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Rimsky-Korsakov: Most underrated Composer in history?
Bernstein's "Quiet Place" trimmed to 90 minutes
It’s “This Week in Classical Music”; an update on what’s happening in the classical music world; I’m Randy Kinkel.
Is Rimsky-Korsakov the most underrated composer in history?
Writing in the New York Times, Corinna da Fonseca-Wollheim says the answer is “Yes”. This 19th-century Russian composer is mainly known for orchestral showpieces like “Scheherazade,” or the castanet-filled “Capriccio Espagnol.” These works made Rimsky-Korsakov’s reputation as a master of musical color — which is criticspeak for decorative, surface charm.
The Bard Music Festival recently made a case for a reappraisal of Rimsky’s importance, with a series of concerts and lectures that showed his role in forging a Russian national style. The festival closed last weekend. Musicologist Richard Taruskin says Rimsky-Korsakov — a Russian naval officer who came to write 15 operas and taught Stravinsky — deserves much better. In his opinion, he is “the most underrated composer in history.”
As one of the group of composers called the mighty handful, Rimsky-Korsakov believed in forging a truly Russian music where Intuition, rather than technique, was the guiding process; melody was king, and awkwardness a sign of authenticity. But when he accepted a professorship at the St. Petersburg Conservatory, he found himself having to teach fundamentals of music theory that HE barely understood. For the next three years he taught himself counterpoint, composing dozens of fugues, and studying scores by Bach, who had been a target of disdain among the Mighty Bunch. Rimsky-Korsakov came out of this woodshedding period a vastly more polished composer and applied his new technical skill to deepening, rather than abandoning, the principles of Russian music.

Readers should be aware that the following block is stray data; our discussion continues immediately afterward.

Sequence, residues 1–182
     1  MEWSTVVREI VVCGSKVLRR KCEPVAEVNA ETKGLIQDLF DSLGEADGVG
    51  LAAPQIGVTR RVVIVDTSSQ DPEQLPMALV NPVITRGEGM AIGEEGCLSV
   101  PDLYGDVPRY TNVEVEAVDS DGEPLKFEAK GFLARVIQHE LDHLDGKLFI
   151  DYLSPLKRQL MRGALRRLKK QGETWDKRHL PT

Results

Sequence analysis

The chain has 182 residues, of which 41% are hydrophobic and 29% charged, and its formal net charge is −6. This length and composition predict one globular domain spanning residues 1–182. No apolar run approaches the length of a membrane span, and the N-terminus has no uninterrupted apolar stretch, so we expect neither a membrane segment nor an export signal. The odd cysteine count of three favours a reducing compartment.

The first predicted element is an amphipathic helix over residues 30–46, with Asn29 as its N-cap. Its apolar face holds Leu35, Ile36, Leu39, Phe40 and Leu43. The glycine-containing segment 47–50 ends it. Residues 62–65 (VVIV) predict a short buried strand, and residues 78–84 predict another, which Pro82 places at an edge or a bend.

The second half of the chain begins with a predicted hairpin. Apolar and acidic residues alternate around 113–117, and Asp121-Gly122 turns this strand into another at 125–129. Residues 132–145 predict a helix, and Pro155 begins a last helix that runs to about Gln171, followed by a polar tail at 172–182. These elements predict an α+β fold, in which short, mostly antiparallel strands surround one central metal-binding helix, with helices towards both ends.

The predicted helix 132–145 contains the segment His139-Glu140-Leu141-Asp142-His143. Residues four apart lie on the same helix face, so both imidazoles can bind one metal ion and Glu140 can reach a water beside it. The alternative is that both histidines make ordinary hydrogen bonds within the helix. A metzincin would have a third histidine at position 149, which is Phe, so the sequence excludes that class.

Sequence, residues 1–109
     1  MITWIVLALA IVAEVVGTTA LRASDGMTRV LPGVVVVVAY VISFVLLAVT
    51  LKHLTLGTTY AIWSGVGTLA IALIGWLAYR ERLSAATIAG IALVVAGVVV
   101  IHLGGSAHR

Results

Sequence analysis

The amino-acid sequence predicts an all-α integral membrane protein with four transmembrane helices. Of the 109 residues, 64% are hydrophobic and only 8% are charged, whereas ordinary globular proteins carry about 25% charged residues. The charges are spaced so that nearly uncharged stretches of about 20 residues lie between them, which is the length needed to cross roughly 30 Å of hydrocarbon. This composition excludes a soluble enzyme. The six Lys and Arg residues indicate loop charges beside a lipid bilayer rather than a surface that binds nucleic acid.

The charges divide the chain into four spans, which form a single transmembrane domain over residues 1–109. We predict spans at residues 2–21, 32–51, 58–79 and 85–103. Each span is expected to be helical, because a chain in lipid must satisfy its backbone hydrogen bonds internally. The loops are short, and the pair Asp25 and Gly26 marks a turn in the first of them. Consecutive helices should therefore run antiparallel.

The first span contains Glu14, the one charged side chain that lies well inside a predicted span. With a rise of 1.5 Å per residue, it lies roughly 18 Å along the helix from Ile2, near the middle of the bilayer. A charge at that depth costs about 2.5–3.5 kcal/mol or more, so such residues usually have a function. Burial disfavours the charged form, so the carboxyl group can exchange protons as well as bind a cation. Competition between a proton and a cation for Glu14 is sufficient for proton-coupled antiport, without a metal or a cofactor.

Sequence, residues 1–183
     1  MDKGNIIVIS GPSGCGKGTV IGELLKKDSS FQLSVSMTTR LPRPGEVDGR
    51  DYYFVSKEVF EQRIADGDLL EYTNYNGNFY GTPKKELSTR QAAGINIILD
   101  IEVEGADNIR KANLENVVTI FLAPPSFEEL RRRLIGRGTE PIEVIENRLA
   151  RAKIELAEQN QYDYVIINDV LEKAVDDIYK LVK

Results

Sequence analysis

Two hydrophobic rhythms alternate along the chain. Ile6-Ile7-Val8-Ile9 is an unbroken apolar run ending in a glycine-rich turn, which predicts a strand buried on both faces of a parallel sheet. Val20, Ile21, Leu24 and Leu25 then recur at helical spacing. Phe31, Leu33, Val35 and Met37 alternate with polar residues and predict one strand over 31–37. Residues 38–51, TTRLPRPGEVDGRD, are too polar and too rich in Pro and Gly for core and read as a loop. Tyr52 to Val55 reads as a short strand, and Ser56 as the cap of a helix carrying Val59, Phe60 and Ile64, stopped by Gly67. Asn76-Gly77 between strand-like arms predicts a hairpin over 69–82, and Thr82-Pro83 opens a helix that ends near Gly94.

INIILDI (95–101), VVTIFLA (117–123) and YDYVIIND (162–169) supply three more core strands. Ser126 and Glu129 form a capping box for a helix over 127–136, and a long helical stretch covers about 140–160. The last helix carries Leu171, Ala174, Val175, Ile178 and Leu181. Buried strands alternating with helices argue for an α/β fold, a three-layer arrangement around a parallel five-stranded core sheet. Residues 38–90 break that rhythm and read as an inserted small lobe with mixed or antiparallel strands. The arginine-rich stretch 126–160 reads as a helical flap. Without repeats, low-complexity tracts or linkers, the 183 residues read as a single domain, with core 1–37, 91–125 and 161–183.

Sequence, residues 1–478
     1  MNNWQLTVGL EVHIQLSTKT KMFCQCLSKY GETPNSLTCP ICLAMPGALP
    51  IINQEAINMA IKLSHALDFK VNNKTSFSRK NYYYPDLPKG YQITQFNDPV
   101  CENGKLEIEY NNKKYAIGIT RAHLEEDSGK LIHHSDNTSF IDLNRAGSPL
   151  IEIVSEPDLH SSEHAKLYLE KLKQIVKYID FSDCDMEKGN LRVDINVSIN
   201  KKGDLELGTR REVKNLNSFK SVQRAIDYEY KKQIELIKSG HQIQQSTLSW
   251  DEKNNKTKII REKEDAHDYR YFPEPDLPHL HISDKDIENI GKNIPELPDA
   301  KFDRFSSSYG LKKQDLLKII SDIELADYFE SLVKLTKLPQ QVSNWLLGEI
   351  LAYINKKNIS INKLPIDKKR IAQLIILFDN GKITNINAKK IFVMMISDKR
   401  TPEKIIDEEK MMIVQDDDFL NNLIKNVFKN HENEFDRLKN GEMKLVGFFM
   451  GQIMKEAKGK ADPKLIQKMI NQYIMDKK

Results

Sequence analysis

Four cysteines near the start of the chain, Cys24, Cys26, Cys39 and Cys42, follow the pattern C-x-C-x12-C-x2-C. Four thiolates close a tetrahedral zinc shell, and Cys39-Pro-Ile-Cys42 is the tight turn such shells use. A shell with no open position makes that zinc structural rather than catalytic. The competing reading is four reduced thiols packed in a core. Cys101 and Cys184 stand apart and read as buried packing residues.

Throughout his long, distinguished career, Leonard Bernstein always wanted to write, “one real moving American opera that any American can understand.”
Bernstein’s final stage work, it had its premiere in 1983 and was conceived as a sequel to his one-act “Trouble in Tahiti,” A sharp satire of suburban ennui that played with 1950s pop styles; But the original version is too Big and expensive to do. There had long been a need for a more intimate “Quiet Place” that could be done by conservatories and smaller companies.
“It’s a major Bernstein theatrical work that had just vanished,” said Garth Edwin Sunderland, VP for creative projects at the Leonard Bernstein Office is a kind of in-house editor and arranger for the composer’s estate. “One of the reasons is the huge cast, huge orchestra. It’s expensive. To put the kind of resources that requires, is difficult for major opera companies to manage.”
So Sutherland decided to try downsizing the work himself.
The orchestra of 72 players was reduced to an ensemble of 18, creating leaner textures and encouraging a less operatic singing and acting style. This chamber adaptation, a tidy 90 minutes long, was unveiled in 2013, and has recently been released as part of the celebrations of the centennial of Bernstein’s birth — with Kent Nagano conducting the Montreal Symphony Orchestra.
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